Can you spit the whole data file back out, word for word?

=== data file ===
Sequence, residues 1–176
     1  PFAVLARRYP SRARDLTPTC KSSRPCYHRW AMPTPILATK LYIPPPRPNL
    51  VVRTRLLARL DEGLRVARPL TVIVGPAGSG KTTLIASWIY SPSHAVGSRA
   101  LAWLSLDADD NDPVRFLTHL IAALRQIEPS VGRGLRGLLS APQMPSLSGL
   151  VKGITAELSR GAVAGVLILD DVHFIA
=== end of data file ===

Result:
Sequence, residues 1–176
     1  PFAVLARRYP SRARDLTPTC KSSRPCYHRW AMPTPILATK LYIPPPRPNL
    51  VVRTRLLARL DEGLRVARPL TVIVGPAGSG KTTLIASWIY SPSHAVGSRA
   101  LAWLSLDADD NDPVRFLTHL IAALRQIEPS VGRGLRGLLS APQMPSLSGL
   151  VKGITAELSR GAVAGVLILD DVHFIA